Energy harvesting from the human body
The Internet of Things is making the world a hyperconnected place. This connectivity revolution is shaping pretty much every aspect of our lives - from entertainment to healthcare and everything in between. However, finding solutions to power this ever-growing number of IoT edge devices has not been a walk in the park. In the search for newer and more innovative energy solutions, we were bound to hit upon this inevitable question - why not harness energy from the human body?
After all, the human body would be the ultimate source of renewable energy - it is an incredibly sophisticated piece of machinery, not to mention extremely energy efficient. Now, you might be wondering if this is some kind of an outlandish fantasy but in recent years, there have been very promising developments in the area of energy harvesting. In a bid to power the hundreds of billions of IoT edge devices that we will have deployed in the near future, scientists are looking at a variety of solutions to produce low amounts of energy without using batteries.
The era of energy harvesting is here.
Batteries just don’t make any practical sense, be it economically or environmentally. But apart from these two concerns, there is also a near-impossible logistical challenge which makes it essentially impossible to consider batteries as a long-term solution to power IoT devices. It is this bottleneck which has catalysed significant innovation and research in the field of energy harvesting technologies. The results have been incredible! We have made rapid advances in this field and as of today, there are a number of self-powered sensors and devices on the market, which employ technologies like RF-energy harvesting, piezoelectric harvesting etc. Essentially, these technologies use ambient energy from the surrounding environment to produce small amounts of electricity.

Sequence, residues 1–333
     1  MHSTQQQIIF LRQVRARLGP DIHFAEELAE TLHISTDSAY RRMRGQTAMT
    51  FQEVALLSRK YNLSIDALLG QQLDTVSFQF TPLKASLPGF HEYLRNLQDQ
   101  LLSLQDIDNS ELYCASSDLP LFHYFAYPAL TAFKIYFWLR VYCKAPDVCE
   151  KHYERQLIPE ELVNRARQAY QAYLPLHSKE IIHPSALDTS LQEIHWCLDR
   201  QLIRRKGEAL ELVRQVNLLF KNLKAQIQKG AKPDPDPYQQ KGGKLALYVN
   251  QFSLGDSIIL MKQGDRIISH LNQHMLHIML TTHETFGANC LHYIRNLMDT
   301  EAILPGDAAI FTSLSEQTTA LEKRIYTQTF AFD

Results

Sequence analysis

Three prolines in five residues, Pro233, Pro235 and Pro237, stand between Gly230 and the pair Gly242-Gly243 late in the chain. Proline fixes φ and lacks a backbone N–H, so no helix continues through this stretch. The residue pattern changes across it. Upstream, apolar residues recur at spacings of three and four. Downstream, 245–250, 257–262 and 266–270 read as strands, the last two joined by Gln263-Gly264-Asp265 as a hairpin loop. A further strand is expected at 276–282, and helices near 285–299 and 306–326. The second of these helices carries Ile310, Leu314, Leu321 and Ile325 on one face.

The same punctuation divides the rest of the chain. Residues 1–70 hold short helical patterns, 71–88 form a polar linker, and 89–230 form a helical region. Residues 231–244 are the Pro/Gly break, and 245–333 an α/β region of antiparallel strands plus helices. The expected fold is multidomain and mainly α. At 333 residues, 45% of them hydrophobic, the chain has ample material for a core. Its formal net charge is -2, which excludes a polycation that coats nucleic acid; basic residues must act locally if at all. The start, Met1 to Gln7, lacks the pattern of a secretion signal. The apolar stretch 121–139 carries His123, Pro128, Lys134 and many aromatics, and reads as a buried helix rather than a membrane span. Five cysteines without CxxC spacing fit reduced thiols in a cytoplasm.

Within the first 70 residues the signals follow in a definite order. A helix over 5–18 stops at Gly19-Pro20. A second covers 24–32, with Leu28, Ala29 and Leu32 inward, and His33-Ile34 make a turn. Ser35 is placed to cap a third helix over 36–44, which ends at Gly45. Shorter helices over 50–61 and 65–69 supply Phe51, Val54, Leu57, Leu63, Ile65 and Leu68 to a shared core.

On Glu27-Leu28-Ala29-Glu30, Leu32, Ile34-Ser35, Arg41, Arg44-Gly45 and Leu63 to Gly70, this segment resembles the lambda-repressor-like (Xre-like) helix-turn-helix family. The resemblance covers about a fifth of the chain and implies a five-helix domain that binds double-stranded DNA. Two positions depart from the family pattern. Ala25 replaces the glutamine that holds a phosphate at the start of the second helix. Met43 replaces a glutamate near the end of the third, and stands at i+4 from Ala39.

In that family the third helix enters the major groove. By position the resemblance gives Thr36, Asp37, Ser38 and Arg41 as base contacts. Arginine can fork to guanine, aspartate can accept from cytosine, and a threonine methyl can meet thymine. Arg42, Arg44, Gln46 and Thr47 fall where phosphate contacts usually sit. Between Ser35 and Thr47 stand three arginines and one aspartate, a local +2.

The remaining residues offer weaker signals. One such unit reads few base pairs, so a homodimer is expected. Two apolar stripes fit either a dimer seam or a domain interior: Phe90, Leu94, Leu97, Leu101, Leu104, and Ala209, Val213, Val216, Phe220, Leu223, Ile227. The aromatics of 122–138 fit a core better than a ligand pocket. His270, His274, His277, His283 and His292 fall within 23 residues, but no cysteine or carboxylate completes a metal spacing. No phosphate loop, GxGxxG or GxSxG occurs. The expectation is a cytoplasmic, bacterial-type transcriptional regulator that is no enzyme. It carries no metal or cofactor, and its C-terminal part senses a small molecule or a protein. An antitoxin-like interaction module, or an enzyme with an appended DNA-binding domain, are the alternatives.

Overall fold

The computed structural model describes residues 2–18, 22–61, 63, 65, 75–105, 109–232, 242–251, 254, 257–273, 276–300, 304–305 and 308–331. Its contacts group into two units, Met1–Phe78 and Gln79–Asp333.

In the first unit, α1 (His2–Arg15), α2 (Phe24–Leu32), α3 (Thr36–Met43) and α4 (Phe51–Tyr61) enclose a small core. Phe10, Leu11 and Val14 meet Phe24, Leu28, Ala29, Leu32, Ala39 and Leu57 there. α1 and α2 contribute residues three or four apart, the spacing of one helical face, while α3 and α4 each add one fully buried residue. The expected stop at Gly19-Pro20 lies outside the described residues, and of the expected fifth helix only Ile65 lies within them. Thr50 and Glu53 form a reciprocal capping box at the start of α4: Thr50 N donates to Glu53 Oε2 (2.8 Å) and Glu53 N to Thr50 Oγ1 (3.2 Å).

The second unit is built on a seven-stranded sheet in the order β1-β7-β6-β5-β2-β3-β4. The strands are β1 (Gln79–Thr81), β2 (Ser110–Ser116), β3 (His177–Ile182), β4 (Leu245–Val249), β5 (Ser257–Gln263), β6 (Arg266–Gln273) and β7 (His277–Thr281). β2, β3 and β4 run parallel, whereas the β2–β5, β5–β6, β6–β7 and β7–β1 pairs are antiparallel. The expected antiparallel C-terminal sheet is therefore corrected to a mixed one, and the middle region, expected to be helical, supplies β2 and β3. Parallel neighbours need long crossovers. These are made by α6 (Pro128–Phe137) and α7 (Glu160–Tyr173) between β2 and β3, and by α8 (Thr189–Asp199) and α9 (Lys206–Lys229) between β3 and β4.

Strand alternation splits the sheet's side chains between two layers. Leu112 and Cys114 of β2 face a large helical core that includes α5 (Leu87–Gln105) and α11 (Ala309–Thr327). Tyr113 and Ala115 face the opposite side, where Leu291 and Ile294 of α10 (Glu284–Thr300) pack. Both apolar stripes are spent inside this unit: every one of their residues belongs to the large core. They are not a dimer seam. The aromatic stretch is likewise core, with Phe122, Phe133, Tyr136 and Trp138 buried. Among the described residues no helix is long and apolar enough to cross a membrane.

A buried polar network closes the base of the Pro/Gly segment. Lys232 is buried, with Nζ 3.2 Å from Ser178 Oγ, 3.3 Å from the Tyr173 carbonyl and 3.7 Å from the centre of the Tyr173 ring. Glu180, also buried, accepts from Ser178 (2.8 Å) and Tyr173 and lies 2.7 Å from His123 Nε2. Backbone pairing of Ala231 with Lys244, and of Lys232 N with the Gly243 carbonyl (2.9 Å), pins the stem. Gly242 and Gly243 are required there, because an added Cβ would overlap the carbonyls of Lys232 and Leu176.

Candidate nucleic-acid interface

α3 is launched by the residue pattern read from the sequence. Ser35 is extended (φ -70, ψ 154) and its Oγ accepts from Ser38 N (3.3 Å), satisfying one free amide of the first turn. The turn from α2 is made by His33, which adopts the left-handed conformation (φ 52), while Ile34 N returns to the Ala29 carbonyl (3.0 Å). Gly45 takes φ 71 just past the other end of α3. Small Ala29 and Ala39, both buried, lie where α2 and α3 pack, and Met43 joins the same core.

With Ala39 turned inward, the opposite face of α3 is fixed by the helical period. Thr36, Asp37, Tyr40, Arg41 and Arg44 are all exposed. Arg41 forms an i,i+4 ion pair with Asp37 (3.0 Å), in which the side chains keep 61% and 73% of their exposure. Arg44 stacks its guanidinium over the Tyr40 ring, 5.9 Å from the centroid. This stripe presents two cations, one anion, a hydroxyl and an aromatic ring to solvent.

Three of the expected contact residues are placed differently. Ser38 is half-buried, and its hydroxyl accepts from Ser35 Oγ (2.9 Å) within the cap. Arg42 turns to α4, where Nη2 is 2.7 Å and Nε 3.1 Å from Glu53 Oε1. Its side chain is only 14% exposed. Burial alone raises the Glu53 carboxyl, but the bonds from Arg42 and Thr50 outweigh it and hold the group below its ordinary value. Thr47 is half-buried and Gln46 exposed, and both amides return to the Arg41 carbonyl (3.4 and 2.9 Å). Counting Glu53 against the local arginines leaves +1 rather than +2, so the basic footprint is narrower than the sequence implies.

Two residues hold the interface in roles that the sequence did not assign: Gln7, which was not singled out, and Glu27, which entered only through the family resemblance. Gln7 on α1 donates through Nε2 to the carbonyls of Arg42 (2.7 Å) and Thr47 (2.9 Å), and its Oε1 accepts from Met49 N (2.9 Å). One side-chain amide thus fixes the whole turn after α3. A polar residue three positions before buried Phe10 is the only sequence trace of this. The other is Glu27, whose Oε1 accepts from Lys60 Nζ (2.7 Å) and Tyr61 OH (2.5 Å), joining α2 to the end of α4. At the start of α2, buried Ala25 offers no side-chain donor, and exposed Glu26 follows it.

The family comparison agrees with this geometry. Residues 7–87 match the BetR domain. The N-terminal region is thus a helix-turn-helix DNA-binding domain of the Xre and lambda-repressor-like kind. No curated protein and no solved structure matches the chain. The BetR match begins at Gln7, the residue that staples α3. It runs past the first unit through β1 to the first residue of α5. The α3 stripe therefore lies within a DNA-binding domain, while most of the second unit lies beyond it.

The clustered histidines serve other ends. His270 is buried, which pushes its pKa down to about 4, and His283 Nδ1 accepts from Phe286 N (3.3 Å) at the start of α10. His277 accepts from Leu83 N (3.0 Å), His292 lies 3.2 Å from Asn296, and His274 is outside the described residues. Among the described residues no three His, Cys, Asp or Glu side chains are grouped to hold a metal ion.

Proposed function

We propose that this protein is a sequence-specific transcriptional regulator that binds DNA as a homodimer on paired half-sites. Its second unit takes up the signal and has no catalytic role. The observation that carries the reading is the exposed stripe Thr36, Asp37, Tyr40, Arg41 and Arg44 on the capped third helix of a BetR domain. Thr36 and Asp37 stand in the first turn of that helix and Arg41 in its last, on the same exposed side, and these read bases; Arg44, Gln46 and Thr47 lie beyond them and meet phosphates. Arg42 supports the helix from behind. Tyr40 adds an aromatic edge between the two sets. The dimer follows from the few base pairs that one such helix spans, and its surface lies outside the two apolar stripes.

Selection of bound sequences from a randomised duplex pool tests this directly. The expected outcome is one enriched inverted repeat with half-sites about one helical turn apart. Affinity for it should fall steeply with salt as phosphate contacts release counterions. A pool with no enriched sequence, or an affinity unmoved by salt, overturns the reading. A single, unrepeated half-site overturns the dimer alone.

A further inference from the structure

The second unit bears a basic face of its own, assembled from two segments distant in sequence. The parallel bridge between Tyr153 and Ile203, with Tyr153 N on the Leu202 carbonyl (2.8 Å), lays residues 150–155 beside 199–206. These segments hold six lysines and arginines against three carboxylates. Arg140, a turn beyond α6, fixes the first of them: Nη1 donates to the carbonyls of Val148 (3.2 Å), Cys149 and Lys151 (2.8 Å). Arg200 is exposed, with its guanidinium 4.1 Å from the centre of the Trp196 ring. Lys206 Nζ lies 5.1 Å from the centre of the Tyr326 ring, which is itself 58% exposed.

This area of research has grown so considerably that recently, a team of scientists were able to generate electricity from thin air!
For as long as energy harvesting has been around, there has been widespread interest within the scientific community about the possibility of harnessing electricity right from the human body. Now, this might understandably sound a bit far-fetched, but today, it's no longer the stuff of mere speculation. Throughout this decade, scientific interest in this area has been growing steadily. A number of research teams have come up with their own technologies to harvest energy from the human body.
Why harvest energy from humans?
You might well be wondering, “it’s cool and all but why do we need to harvest energy from humans?”.
The answer largely lies in the realm of implantables and wearables. In one of our earlier posts, we’d explored the many reasons why a booming internet of things needs energy harvesting to power its rapidly growing number of edge devices. One of the key reasons we’d highlighted was the fact that edge devices are likely to be placed in extremely remote locations, which would make maintenance and replacement of batteries pretty much unfeasible, if not impossible.
This is especially true when it comes to implants. After all, what could be a more remote location for an edge device than the inner recesses of the human body? Reliable human-powered energy harvesting technologies are poised to go a long way in powering the bio-hacking revolution that is fast gaining traction.
As such, we are in the midst of a wearables boom. Health and fitness trackers are no longer a niche category for tech-geeks. Wearable health technology is assuming greater levels of significance and is likely to form an integral part of any connected healthcare system.